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Full-Text Articles in United States History

Russian Language Use In The United States: Demographics And Implications, Julie Brock, Sadia Zoubir-Shaw Oct 2019

Russian Language Use In The United States: Demographics And Implications, Julie Brock, Sadia Zoubir-Shaw

Posters-at-the-Capitol

As a large nation covering 1/9 of the Earth’s surface, Russia and its language necessarily draw linguistic attention. Between the time of the Russian Revolution (1917) until now, Russian speakers (both from Russia itself and former Soviet territories) immigrated to the United States in four or five waves. Russian is currently identified as one of the world’s Critical Languages, according to the U.S. State Department. U.S. Census data indicate that Russian language spoken in respondents’ homes increased by 393% between 1980-2010, with just under a million people speaking Russian in their homes in 2011. English ...


A Look Into The Tuskegee Study Of Untreated Syphilis In The Negro Male In Macon County, Alabama, Austin Valentine Apr 2019

A Look Into The Tuskegee Study Of Untreated Syphilis In The Negro Male In Macon County, Alabama, Austin Valentine

Student Scholarship & Creative Works

In the 1930’s there was growing concerns over a disease known as syphilis. With 300,000 new cases each year, coupled with the disease’s ability to create blindness, arthritis, heart disease and instances of premature death, the search for a way to stop the epidemic quickly was expanding. With such numbers the United States Department of Health needed answers fast (DiIanni 1993).

At this time, the United States was in an economic crisis left by the Great Depression. As a result, the U.S. Department of Health needed to find cheap test subjects in an effort to combat ...


Women Of The War: Female Espionage Agents For The Confederacy, Sarah Stellhorn Apr 2019

Women Of The War: Female Espionage Agents For The Confederacy, Sarah Stellhorn

Steeplechase: An ORCA Student Journal

Although historians have frequently examined the role of women on the home front during the Civil War, women who contributed to the cause in more direct ways, such as espionage, are often neglected. An in-depth examination of specific females spying for the Confederacy, such as Rose O’Neal Greenhow and Belle Boyd, proves that their actions, both remarkable and uncharacteristic of women at the time, had a direct impact on the war. A vast network of spies and smugglers existed not only in the southern and border states but also throughout the North, even in Washington D.C. itself. This ...


American Bolsheviki: The Beginnings Of The First Red Scare, 1917 To 1918, Jonathan Dunning Apr 2019

American Bolsheviki: The Beginnings Of The First Red Scare, 1917 To 1918, Jonathan Dunning

Scholars Week

A consensus has developed among historians that in the early months of 1919, widespread panic consumed the American public and government as many came to fear a Bolshevik coup of the United States government and the undermining of the American way of life, and this fear persisted until 1920. Known as the First Red Scare, this period became one of the most well-known episodes of American fear of Communism in US history. With this focus on the events of 1919 to 1920, however, historians of the First Red Scare have often ignored the initial American reaction to the October Revolution ...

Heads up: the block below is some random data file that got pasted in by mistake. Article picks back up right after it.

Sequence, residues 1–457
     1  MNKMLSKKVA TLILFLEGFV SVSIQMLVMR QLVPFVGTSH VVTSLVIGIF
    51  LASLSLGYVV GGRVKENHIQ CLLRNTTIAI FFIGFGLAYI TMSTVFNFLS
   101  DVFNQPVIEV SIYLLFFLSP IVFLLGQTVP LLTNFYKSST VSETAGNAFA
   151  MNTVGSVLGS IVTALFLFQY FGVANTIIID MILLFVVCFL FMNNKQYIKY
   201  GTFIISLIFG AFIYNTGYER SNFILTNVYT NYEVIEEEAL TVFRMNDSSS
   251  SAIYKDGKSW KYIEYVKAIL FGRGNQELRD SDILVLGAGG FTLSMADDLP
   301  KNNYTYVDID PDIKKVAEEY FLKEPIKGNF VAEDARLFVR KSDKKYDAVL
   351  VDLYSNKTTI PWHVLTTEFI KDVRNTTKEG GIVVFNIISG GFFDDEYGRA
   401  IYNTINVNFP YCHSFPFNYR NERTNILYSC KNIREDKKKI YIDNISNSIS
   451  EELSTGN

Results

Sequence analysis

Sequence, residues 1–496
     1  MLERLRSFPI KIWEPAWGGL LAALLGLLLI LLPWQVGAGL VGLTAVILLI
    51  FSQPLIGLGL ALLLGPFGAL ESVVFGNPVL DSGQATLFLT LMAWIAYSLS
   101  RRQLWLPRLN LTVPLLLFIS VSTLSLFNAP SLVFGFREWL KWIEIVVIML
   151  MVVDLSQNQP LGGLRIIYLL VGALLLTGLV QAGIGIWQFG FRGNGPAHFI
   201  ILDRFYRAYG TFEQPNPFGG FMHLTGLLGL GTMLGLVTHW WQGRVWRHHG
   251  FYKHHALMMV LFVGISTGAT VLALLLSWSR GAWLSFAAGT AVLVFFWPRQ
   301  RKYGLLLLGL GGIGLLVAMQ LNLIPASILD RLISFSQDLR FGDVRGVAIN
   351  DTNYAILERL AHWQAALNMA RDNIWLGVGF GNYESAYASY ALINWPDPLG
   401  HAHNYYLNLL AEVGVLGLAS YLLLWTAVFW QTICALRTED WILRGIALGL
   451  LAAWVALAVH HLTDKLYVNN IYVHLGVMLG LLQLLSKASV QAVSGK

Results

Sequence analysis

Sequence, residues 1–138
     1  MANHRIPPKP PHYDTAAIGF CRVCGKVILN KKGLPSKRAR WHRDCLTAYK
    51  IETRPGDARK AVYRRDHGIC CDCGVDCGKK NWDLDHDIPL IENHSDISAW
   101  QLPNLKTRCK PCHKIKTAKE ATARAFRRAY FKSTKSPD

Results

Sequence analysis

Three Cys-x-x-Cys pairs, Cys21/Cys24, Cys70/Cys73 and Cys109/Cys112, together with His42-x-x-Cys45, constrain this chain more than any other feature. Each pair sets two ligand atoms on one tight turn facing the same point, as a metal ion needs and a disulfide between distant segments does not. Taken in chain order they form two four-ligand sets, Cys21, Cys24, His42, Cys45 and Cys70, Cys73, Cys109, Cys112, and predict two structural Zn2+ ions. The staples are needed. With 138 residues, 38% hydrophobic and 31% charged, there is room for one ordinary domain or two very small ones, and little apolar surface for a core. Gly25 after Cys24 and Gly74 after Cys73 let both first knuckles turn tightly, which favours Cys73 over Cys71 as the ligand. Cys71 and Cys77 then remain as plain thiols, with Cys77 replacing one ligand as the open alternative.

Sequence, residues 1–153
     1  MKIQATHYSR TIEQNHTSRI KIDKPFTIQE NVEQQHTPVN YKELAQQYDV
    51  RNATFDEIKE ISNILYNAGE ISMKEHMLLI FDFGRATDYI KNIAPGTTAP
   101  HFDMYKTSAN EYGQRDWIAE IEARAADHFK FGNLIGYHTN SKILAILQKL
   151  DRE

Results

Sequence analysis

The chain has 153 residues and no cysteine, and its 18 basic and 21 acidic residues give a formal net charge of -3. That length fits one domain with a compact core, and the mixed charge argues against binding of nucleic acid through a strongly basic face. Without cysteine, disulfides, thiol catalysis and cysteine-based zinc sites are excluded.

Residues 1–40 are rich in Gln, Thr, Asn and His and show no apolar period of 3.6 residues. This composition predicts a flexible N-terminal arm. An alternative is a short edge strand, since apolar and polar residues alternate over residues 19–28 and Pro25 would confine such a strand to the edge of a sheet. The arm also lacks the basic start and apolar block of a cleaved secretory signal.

The Desegregation Of The Sturgis All-White High School - September 1956, Austin Valentine, Austin Valentine Apr 2019

The Desegregation Of The Sturgis All-White High School - September 1956, Austin Valentine, Austin Valentine

Student Scholarship & Creative Works

On September 5th of 1956, nine African American students tried to attend classes at the all-white Sturgis Kentucky High School. The event sparked mixed opinion among the townsfolk, many of whom showed up to protest the student’s enrollment. As a result a number of Kentucky State Police along with members of the Kentucky National Guard were dispatched to calm the crowd and to allow those students the right, granted by the United States Supreme Court, to obtain a quality education free from oppression and racial segregation.


A Modern-Day Review Of The Fort Pillow Massacre - Act Of War Or Genocide, Austin Valentine, Austin Valentine Apr 2019

A Modern-Day Review Of The Fort Pillow Massacre - Act Of War Or Genocide, Austin Valentine, Austin Valentine

Student Scholarship & Creative Works

On April 13th, 1864 Confederate Major General Nathan Bedford Forrest attacked Union held Fort Pillow in western Tennessee. The event would later be known as the Fort Pillow Massacre where a number of African American soldiers were killed while trying to surrender to Confederate forces.

Forrest was one who had not been a graduate of a military academy, nor had any military experience. He had simply been a Memphis slave trader turned Confederate sympathizer who enlisted as a private in the Confederate Army on June 14th of 1861. However, he eventually financed and organized his own cavalry unit ...


American Bolsheviki: The First Red Scare In The United States, 1917 To 1920, Jonathan Dunning Jan 2019

American Bolsheviki: The First Red Scare In The United States, 1917 To 1920, Jonathan Dunning

Murray State Theses and Dissertations

This thesis looks to reframe the timeline of the First Red Scare in United States History. Historians of this period have consistently viewed the First Red Scare as occurring from 1919 to 1920. However, by viewing the First Red Scare as beginning in 1919, historians missed the fear of communism that developed in the US government and the American press and society throughout 1917 and 1918, starting immediately after the Bolshevik Revolution. Moreover, in the past, historians have done little to detail the connections between the Allied Intervention in Russia from 1918 to 1920 and the First Red Scare, despite ...